Written by Pauline Eadie.
Super-typhoon Yolanda hit the Philippines on 8 November 2013. Yolanda (international name Haiyan) devastated the Philippines. Over 6300 people were officially reported dead, although unofficially the death toll is estimated to be much higher. On 14 August 2015 the independent Filipino social research institution, Social Weather Stations (SWS), published a report entitled ‘Filipino Public Opinion on the Impact of Typhoon Yolanda: A Year After’. Statistical data in the report is drawn from surveys conducted shortly after the first anniversary of typhoon Yolanda. Survey questions were designed to gather the opinions of survivors on issues relating to both harm suffered and satisfaction with relief and rehabilitations efforts. Surveys were carried out in Luzon, the Visayas and Mindanao. The hardest hit region was the Visayas, specifically the areas designated as ‘Region 8‘ in the report (Western Samar and Southern Leyte minus Tacloban City) and Tacloban City itself. 89% of families in Region 8 reported that they were ‘seriously harmed’ by Yolanda. The report details lost or damaged livelihoods, housing, household possessions, community resources and also the rate and source of post-disaster assistance.
Since the disaster various parties have sought to make political capital of the handling of the crisis. This is typified by the attention given to the then Interior Secretary and now 2016 presidential candidate, Mar Roxas’, reminder to Tacloban Mayor, Alfred Romualdez, that ‘You have to understand that you are a Romualdez and the President is an Aquino’ during a disaster response planning meeting on 10 November 2013. Romualdez is the nephew of Imelda and Ferdinand Marcos and Aquino is the son of the Marcoses’ political nemesis Ninoy and Cory Aquino. Thus suggesting that the political rivalry of the two families, as opposed to human need, was uppermost in his mind as the government responded to the crisis. In due course the local government in Tacloban claimed that the national government neglected the city compared to other Yolanda hit areas whilst the national government accused Mayor Romualdez of failing to cooperate with the national relief effort. More broadly there has been widespread criticism of the Philippine government’s immediate relief effort and longer-term response to Yolanda.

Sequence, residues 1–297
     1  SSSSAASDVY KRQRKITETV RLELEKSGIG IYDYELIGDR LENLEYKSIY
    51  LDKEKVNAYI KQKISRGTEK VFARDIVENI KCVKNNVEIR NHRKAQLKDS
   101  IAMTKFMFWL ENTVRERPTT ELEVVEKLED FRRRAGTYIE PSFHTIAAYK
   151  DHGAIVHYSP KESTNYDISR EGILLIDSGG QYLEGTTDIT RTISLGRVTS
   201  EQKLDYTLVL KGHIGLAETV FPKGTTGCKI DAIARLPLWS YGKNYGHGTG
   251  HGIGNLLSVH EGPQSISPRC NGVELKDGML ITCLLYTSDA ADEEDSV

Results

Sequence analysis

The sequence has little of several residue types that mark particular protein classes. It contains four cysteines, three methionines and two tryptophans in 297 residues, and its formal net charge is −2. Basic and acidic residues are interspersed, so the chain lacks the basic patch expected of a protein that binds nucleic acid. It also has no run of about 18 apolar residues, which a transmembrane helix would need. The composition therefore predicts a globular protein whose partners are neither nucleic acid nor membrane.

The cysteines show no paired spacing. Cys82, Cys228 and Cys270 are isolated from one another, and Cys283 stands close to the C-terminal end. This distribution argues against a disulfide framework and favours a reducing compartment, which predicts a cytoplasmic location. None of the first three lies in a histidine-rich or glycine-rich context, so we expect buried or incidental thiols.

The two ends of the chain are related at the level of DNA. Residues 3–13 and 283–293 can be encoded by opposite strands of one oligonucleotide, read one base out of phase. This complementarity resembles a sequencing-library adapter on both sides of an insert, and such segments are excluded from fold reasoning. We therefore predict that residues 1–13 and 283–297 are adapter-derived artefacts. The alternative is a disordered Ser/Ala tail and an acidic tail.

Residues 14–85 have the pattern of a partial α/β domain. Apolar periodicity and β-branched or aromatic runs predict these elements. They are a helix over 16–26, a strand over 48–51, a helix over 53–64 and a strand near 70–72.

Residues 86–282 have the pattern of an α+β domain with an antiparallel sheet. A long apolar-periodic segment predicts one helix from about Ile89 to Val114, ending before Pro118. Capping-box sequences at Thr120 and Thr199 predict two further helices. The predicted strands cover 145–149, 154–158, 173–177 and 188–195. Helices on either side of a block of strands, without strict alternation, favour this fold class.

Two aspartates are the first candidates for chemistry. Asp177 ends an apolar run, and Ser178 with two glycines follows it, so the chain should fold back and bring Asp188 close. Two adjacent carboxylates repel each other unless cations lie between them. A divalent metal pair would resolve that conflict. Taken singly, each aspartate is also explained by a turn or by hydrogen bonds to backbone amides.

Meanwhile the international community immediately responded with cash and in-kind assistance including medical and military personnel. For the purposes of transparency the Philippine government set up the Foreign Aid Transparency Hub although questions remain about both the accuracy and the efficacy of the Hub and the allocation of international donations. Nevertheless the Hub is currently reporting $386, 249, 588.96 received foreign aid. Although not all of this money has been allocated to Yolanda victims. Indeed domestic disaster spending has come under criticism. Social Watch Philippines has recently claimed that the 2016 government budget for the Yolanda Rehabilitation and Reconstruction Programme lacks transparency as money allocated to Yolanda victims has previously been diverted to other calamities. Given these various problems and anomalies the recent SWS report makes interesting reading and raises a number of questions.